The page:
I previously tried Trader Joe’s Matcha Green Tea Packets as prepared and felt like I was drinking grass. Sorry, matcha fans. Maybe it’s just me or the type of matcha I tried, but regardless, I was determined to find a new way to enjoy matcha, I added it to a chia breakfast bowl. Loved it this way! But then again, I also cut the recipe from 1 t down to 1/2 t, so I’m sure this had something to do with my new affinity for matcha. (Note the subtle green hue to the bowl versus that vibrant green associated with matcha.) I’m so happy I found cardamom. It adds such a citrusy aspect to recipes and paired so well with the “greenness” of matcha. If I make this again, oranges, grapefruit and pineapple would also be great toppings in addition to the mango. Load up the fruit and take a break from oats, eggs and smoothies for breakfast. This Matcha Chia Breakfast Bowl is both light and filling and just what you need for a healthy morning detox of sorts.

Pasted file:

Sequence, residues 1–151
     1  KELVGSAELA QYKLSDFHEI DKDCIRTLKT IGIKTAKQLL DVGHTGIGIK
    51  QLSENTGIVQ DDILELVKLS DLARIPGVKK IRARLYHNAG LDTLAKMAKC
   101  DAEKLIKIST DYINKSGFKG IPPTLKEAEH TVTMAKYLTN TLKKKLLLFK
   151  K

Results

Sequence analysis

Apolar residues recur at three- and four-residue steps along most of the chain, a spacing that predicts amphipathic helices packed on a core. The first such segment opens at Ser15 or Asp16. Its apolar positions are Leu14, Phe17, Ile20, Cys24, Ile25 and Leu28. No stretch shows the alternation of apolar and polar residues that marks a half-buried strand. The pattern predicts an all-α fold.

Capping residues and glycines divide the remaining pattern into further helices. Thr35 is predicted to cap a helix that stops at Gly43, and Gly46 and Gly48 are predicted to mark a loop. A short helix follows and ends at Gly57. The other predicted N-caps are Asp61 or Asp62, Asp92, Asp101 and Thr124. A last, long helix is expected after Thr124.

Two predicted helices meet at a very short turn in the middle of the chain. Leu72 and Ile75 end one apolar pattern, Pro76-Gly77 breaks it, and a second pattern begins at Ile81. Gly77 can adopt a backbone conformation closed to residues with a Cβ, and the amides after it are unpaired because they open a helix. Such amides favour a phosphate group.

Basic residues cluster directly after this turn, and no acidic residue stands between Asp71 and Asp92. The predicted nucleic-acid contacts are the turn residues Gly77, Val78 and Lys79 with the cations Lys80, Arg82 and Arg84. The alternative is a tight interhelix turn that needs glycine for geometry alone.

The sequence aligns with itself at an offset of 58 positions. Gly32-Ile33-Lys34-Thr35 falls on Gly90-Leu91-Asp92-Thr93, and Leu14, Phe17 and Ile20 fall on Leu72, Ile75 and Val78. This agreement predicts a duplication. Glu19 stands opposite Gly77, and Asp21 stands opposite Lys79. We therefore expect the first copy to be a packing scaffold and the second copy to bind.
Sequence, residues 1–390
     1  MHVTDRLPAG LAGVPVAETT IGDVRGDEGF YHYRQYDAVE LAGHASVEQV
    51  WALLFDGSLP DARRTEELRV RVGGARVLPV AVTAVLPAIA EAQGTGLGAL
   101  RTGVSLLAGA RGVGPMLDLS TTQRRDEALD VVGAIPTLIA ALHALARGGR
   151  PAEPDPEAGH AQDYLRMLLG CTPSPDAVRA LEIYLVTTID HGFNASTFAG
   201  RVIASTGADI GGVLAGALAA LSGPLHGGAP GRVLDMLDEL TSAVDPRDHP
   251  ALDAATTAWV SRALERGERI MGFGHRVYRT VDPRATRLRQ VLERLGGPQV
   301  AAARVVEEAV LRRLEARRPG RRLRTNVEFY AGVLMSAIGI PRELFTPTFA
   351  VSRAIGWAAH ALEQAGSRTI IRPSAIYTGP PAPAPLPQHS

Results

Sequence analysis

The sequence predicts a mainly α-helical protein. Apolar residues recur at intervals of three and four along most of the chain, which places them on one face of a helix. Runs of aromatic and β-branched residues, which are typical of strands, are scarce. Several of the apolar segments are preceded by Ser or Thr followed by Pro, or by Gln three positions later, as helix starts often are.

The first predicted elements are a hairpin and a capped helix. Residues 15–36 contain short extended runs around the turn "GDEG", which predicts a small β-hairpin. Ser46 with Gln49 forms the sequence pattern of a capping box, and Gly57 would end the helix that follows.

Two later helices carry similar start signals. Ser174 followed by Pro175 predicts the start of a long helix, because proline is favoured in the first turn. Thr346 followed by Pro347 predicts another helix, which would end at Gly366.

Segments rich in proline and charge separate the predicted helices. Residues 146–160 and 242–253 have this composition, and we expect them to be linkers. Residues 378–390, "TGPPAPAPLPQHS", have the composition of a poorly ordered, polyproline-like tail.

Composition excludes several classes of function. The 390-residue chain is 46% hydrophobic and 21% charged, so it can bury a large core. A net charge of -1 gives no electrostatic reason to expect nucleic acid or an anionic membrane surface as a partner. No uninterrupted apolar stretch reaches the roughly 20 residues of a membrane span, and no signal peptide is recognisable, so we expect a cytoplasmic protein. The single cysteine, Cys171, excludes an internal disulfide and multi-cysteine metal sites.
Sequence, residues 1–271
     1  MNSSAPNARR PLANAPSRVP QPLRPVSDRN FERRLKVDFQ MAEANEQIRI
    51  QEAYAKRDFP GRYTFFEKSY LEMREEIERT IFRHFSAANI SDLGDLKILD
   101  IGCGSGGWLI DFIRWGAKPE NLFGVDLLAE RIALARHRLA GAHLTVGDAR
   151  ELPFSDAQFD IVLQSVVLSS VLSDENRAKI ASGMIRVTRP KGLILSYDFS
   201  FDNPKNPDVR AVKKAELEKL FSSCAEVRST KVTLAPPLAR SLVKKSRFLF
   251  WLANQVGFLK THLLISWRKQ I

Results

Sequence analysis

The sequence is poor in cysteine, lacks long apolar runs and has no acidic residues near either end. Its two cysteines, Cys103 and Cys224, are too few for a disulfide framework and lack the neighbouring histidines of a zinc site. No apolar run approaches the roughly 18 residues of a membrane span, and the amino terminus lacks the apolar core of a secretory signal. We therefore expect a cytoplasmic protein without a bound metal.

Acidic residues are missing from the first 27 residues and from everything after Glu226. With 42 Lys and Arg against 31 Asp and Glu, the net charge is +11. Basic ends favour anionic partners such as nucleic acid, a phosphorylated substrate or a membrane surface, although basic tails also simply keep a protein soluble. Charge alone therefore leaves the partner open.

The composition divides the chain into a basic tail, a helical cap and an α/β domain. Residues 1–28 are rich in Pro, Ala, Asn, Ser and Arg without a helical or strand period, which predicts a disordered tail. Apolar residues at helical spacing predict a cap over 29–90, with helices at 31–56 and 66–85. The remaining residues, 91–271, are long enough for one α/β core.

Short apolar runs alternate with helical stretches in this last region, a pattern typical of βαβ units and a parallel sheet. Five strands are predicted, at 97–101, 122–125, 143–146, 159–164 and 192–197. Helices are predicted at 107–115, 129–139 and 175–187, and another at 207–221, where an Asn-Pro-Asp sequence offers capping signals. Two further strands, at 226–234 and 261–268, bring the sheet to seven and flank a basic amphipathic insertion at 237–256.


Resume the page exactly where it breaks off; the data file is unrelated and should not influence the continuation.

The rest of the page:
Ingredients (serves 2).
For the Bowl:
- 1/4 c chia seeds
- 1½ T unsweetened coconut flakes
- 1/8 to 1/4 t cardamom to taste
- 1 packet Trader Joe’s Matcha Green Tea (or 1/2 t of matcha powder)
- 1 c unsweetened almond milk + more depending on consistency
- 1 t vanilla extract
- 1 t agave
Fruit to Top!
- 1 mango, cubed
- 1 small banana, sliced
- 4 strawberries, sliced
- 15-20 blueberries
- Extra unsweetened coconut flakes
- In a covered jar or container, mix chia seeds, coconut, cardamom and matcha.
- Pour almond milk and vanilla over seeds. Mix well until combined.
- Make sure almond milk is about 1/4″ above the chia seeds because the seeds will expand over time. This ensures there’s enough liquid to make a pudding-like consistency.
- Cover jar and refrigerate overnight.
- Divide matcha chia seeds between two bowls and top with fruit.
- Grab a spoon and enjoy!
Adapted from my Chia Seed Breakfast Bowls and Coffee & Crayons‘ Matcha Chia Pudding Fruit Bowls.
Nutrition for 1/2 recipe.
275 calories • 12.8 g fat (33%) • 52 g carbs (59%) • 7.8 g protein (9%) • 16.9 g sugar
* These are estimates based off specific products I used and how I entered ingredients in a fitness tracker. This is completely subjective and used to give a rough nutritional estimate.